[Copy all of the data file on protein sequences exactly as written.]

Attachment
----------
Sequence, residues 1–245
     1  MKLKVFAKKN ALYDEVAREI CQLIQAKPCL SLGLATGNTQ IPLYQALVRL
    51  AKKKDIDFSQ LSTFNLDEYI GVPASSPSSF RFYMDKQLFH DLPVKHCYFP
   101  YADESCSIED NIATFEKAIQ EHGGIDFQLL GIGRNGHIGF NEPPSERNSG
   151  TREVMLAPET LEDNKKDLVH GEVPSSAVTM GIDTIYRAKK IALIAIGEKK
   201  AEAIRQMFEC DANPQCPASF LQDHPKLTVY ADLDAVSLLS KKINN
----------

Sequence, residues 1–245
     1  MKLKVFAKKN ALYDEVAREI CQLIQAKPCL SLGLATGNTQ IPLYQALVRL
    51  AKKKDIDFSQ LSTFNLDEYI GVPASSPSSF RFYMDKQLFH DLPVKHCYFP
   101  YADESCSIED NIATFEKAIQ EHGGIDFQLL GIGRNGHIGF NEPPSERNSG
   151  TREVMLAPET LEDNKKDLVH GEVPSSAVTM GIDTIYRAKK IALIAIGEKK
   201  AEAIRQMFEC DANPQCPASF LQDHPKLTVY ADLDAVSLLS KKINN